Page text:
Proposed comment 61(a)(5)(iii)(D)-1 would provide that if the exception in proposed § 1026.61(a)(5)(iii)(D) applies, a person that can extend credit through the credit card account is not a business partner of a prepaid account issuer with which it has an arrangement as defined in proposed § 1026.61(a)(5)(iii)(A) through (C). Accordingly, in those cases where a consumer has authorized his or her prepaid card in accordance with proposed § 1026.61(a)(5)(iii)(D) to be linked to the credit card account in such a way as to allow the prepaid card to access the credit card account as described in proposed § 1026.61(a)(5)(iii)(D)(2), the linked prepaid card would not be a hybrid prepaid-credit card with respect to the linked credit card account. Rather, the linked credit card account would be a non-covered separate credit feature as discussed in § 1026.61(a)(2)(ii). The proposed comment would further note that in this case, by definition, the linked credit card account would be subject to the credit card rules in Regulation Z in its own right because it would be a credit card account under an open-end (not home-secured) consumer credit plan, pursuant to the condition set forth in proposed § 1026.61(a)(5)(iii)(D)(1).

61(a)(5)(iii)(D)(1)

To satisfy the exception in proposed § 1026.61(a)(5)(iii)(D), under proposed § 1026.61(a)(5)(iii)(D)(1), the credit card account at issue must be a credit card account under an open-end (not home-secured) consumer credit plan that a consumer can access through a traditional credit card. Proposed comment 61(a)(5)(iii)(D)(1)-1 would explain that for purposes of the proposed exception, the term “traditional credit card” would mean a credit card that is not a hybrid prepaid-credit card. Thus, the condition in proposed § 1026.61(a)(5)(iii)(D)(1) would not be satisfied if the only credit card that a consumer can use to access the credit card account under an open-end (not home-secured) consumer credit plan is a hybrid prepaid-credit card.

As discussed in the Overview of the Regulation Z Proposal above, this proposed condition would ensure that the exception only applies to credit features subject to the full protections of the credit card rules in Regulation Z that are applicable to credit card accounts under an open-end (not home-secured) consumer credit plan. As discussed in the 2016 Final Rule, these protections include a range of requirements governing pricing, restrictions on repayment terms, limits on liability for unauthorized use, and requirements that card issuers must assess the consumer's ability to pay the credit before opening the account. The pricing protections include restrictions on the fees that an issuer can charge during the first year after an account is opened, and limits on the instances in which and the amount of fees that issuers can charge as penalty fees when a consumer makes a late payment or exceeds his or her credit limit. The protections also restrict the circumstances under which issuers can increase interest rates on credit card accounts and establishes procedures for doing so. As explained in the 2016 Final Rule, the Bureau believed that applying these protections to overdraft features in connection with prepaid accounts would promote transparent pricing for prepaid accountholders.[82]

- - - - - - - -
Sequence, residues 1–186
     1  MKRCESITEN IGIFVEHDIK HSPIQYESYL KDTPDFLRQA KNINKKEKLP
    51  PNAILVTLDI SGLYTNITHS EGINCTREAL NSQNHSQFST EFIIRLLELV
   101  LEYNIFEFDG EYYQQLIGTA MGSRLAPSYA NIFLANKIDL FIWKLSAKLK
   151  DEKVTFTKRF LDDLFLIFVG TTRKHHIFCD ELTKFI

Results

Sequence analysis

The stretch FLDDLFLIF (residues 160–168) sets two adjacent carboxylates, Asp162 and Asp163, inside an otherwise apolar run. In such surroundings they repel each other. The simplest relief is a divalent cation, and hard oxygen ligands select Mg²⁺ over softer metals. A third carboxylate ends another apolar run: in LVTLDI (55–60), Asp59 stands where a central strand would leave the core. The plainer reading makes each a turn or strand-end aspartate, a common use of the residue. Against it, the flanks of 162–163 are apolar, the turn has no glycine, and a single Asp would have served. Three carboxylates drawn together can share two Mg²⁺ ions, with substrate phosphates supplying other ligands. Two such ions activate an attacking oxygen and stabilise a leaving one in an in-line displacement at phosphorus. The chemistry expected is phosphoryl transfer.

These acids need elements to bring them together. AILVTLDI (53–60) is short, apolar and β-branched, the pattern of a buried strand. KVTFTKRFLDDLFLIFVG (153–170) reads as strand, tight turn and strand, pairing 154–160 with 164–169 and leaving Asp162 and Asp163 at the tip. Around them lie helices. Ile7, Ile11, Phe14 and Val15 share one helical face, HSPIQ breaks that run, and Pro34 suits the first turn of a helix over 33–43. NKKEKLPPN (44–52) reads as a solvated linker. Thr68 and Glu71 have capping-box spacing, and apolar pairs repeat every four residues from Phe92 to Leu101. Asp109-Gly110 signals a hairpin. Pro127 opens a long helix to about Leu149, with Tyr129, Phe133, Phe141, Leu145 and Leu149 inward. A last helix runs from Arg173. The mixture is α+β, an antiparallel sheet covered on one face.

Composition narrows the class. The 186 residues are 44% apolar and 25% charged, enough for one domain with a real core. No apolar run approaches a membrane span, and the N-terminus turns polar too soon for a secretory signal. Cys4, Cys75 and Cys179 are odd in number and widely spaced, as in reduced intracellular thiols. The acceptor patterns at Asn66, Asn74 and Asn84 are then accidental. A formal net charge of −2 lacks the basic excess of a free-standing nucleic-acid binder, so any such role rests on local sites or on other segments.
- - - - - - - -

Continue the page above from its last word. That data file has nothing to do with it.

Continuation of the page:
61(a)(5)(iii)(D)(2)

To satisfy the exception in proposed § 1026.61(a)(5)(iii)(D), under proposed § 1026.61(a)(5)(iii)(D)(2), the prepaid account issuer and the card issuer would be prohibited from allowing the prepaid card to draw, transfer, or authorize the draw or transfer of credit from the credit card account from time to time in the course of authorizing, settling, or otherwise completing transactions conducted with the card to obtain goods or services, obtain cash, or conduct P2P transfers, except where the prepaid account issuer or the card issuer has received from the consumer a written request that is separately signed or initialized to authorize the prepaid card to access the credit card account as described above. To aid compliance with the proposed exception, proposed comment 61(a)(5)(iii)(D)(2)-1 would explain that any accountholder on Start Printed Page 29652either the prepaid account or the credit feature may make the written request.

The Bureau believes that this condition, in combination with others described further below, would help to ensure that consumers are not unduly pressured into linking the prepaid account and the credit card account so as to access credit from time to time in the course of transactions conducted with the prepaid card. In particular, it would help to underscore to consumers that the prepaid account and credit card account are not required to be linked in order for the consumer to obtain or retain the two accounts, and to ensure that consumers have made a deliberate affirmative decision before authorizing such a link. Two of the tailored provisions adopted in the 2016 Final Rule—the 30-day waiting period in § 1026.61(c), and the requirement in Regulation E § 1005.18(b)(4)(vii) to provide certain credit disclosures in the prepaid long form disclosure—were similarly designed to promote deliberative decision making without undue pressure. The Bureau believes that it may not be necessary to apply these tailored provisions to a credit card account when the conditions of the proposed exception are met, given that detailed application and solicitation disclosures for the credit card account still would be required under § 1026.60 and the other conditions in proposed § 1026.61(a)(5)(iii)(D) would make consumers' decisions about account acquisition, retention, and link authorization simpler and less prone to undue pressure and the consequences of linking the two accounts less complex. Specifically, as described below, to satisfy the condition in proposed § 1026.61(a)(5)(iii)(D)(3), a prepaid account issuer and a card issuer could not condition the acquisition or retention of either account upon whether a consumer authorized linking the two accounts together, and proposed § 1026.61(a)(5)(iii)(D)(4) and (5) are designed to ensure that certain terms and conditions (including pricing) that apply to the two accounts are not dependent on whether they are linked.